Wednesday, January 23, 2013

Come and garden

Gardeners are needed to help in the Common Good Gardens behind Grace Episcopal Church on Main Street in Old Saybrook.

The garden, formerly known as the Soup Kitchen Garden, grows vegetables for the Shoreline Soup Kitchen pantries which distribute groceries to neighbors in need. Residents from all communities in the valley shore area work in the garden on Tuesday or Saturday mornings or Thursday afternoons from April through October at a variety of chores. Volunteers come when they can performing a variety of chores from planting seeds to picking blueberries. An interest in vegetable gardening is all that's required. We look forward to working with you this year, our 10th year growing vegetables for the pantries.

To learn more or to join the garden crew, please call 860-526-3459 or email:claudiavannes@aol.com.


Thursday, June 28, 2012

In the News!


Common Good Gardens go greener
By Suzanne Thompson
Publication: The Day - June 27, 2012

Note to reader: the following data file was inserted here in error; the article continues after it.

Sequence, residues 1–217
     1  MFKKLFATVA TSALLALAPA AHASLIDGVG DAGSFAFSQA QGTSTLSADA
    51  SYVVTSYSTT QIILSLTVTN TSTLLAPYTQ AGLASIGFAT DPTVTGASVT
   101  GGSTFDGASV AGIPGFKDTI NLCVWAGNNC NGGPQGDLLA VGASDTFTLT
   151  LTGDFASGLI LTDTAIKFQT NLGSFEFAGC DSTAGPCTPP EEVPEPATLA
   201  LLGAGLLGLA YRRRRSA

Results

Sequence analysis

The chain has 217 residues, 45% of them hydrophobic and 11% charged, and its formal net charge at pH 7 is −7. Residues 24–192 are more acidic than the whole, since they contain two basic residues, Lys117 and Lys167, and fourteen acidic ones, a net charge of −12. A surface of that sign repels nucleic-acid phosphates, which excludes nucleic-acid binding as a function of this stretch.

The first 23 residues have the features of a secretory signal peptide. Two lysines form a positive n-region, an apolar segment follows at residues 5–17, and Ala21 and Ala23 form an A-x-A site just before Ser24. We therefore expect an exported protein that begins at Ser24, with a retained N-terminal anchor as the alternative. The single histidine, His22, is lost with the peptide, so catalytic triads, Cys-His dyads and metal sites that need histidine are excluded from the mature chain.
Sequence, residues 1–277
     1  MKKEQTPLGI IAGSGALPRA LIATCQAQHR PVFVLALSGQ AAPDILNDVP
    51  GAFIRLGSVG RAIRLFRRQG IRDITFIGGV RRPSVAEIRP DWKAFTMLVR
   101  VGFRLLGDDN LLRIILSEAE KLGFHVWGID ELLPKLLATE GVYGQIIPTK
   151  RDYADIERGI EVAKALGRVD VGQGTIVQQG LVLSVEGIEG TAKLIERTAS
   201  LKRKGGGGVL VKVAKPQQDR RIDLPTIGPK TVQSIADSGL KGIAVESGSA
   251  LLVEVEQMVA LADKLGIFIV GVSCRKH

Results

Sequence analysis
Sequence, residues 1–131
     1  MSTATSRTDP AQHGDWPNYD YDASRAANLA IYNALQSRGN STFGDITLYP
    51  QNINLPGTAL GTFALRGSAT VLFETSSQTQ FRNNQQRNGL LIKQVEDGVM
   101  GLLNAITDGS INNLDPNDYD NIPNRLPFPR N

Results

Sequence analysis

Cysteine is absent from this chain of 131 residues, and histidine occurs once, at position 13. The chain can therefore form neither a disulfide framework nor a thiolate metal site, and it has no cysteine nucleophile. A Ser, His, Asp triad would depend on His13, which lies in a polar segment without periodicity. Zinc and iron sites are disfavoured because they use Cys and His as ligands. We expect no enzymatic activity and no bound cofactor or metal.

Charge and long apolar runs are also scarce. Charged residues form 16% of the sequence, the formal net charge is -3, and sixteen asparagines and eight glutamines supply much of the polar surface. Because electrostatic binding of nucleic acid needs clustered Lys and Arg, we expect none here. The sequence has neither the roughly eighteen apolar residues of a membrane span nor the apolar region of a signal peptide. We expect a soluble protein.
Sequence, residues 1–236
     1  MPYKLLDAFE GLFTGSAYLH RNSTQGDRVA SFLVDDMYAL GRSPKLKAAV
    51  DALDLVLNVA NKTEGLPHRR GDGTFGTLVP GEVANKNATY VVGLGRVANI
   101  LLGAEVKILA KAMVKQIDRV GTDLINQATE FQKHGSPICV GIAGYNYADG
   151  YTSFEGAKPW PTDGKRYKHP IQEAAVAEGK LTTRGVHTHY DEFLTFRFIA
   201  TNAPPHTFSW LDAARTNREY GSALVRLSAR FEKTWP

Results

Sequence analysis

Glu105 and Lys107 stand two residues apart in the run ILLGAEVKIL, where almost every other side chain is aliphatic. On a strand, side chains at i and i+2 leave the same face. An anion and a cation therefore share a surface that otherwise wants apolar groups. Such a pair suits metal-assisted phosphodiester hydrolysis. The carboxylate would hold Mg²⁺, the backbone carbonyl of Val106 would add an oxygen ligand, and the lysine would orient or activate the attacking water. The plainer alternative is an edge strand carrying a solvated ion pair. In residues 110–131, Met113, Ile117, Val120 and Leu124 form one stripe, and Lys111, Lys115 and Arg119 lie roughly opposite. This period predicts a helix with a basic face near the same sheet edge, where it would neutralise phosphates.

"Just a handful" is a concept many a home chef has tried, with children and adults alike, to introduce new foods, especially the green and leafy kind. The challenge is compounded for patrons of the region's soup kitchens and food pantries, home makers with limited time and means.

Thursday, May 10, 2012

Helping Hands from the Navy in May

Thanks again to the Navy, the garden is looking terrific. Read about their work day here: Shoreline Times Article

Sunday, March 18, 2012

Needed:
coffee grounds and a coffee coordinator

What is it about coffee? Logic tells us something that addictive, expensive and delicious should really be bad for us. Yet, it’s apparently not and what’s more, it’s good for the garden and a treat for worms.